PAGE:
#1: They keep their dog out of harm's way.
Accidents can happen to even the most attentive and caring pet owners, but a responsible dog owner doesn't leave their dog unattended in a car on a hot day (or any day, preferably!), doesn't leave them alone outside for long hours without mental or physical stimulation, and protects them from potential dangerous situations.
#2: They use humane, force-free training methods.
A responsible dog owner doesn't rely on quick-fix training methods that involve pain, intimidation, or instilling fear in your dog. A relationship based on mutual trust and respect is formed on a foundation of force-free training methods, rather than on ineffective and inhumane tools like shock collars orelectric fences.
#3: They make time for their dog.
A tired dog is a happy dog. On the other hand, a bored and unstimulated dog can become destructive, anxious, or even aggressive. A responsible pet owner makes time every day to provide some sort of stimulation for their dog, whether it be with interactive toys and games, going for a walk, or a doggie playdate with friends.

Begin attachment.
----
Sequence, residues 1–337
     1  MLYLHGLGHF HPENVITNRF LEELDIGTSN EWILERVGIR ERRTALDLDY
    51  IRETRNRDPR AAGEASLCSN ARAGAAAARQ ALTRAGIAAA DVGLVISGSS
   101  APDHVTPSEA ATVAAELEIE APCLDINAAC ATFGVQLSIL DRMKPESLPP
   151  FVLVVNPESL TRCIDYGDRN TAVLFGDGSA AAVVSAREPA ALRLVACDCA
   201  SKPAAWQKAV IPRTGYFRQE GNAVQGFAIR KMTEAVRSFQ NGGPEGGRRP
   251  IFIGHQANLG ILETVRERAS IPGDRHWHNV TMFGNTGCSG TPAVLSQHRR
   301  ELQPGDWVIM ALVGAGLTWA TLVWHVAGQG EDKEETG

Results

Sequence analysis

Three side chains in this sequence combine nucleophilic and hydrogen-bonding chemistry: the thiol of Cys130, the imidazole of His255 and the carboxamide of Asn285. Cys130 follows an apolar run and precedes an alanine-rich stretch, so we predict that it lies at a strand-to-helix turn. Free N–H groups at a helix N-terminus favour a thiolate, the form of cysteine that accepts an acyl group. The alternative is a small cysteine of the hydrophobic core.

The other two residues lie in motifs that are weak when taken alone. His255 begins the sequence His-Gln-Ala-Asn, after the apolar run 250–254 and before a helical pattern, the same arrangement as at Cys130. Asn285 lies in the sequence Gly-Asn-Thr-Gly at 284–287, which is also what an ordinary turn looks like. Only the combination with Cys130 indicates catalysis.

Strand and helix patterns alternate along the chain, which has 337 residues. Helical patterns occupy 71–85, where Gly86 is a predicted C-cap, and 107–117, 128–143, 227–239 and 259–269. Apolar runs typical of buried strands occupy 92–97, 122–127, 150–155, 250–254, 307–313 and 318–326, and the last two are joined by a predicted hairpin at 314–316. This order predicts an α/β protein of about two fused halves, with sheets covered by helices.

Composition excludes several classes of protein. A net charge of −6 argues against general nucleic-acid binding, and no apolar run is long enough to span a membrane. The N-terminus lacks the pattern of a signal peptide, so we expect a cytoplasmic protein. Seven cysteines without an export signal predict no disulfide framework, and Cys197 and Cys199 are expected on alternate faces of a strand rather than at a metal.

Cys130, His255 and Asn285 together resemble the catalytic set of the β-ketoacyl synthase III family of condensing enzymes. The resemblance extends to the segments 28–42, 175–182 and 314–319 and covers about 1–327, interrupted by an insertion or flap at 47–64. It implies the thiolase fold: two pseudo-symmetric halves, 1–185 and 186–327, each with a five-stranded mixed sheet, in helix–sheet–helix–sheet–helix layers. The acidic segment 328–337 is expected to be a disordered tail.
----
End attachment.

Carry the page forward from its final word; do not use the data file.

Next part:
#4: They keep up with veterinary care and preventatives.
A big part of responsible dog ownership is keeping up with your dog's healthcare needs. While you may choose to use titer testing in place of annual vaccines, a responsible dog owner is actively aware of their dog's vaccination history and what they may need in the future. They also keep their dog up-to-date on monthly heartworm preventatives, as well as flea and tick preventatives, if needed.
#5: They don't contribute to pet overpopulation.
Spaying or neutering your dog is the easiest way to guarantee that they will not contribute to the overpopulation problem. While there is debate in the veterinary community on the best time for the procedure, having your pet spayed or neutered is one of the most responsible decisions you can make as a dog owner. This is especially true if you live in the United States, where millions of unwanted dogs are euthanized every year.
If you choose not to spay or neuter, you can still be equally as responsible of a pet owner by keeping your dog safely contained at all times, and by choosing not to breed your dog.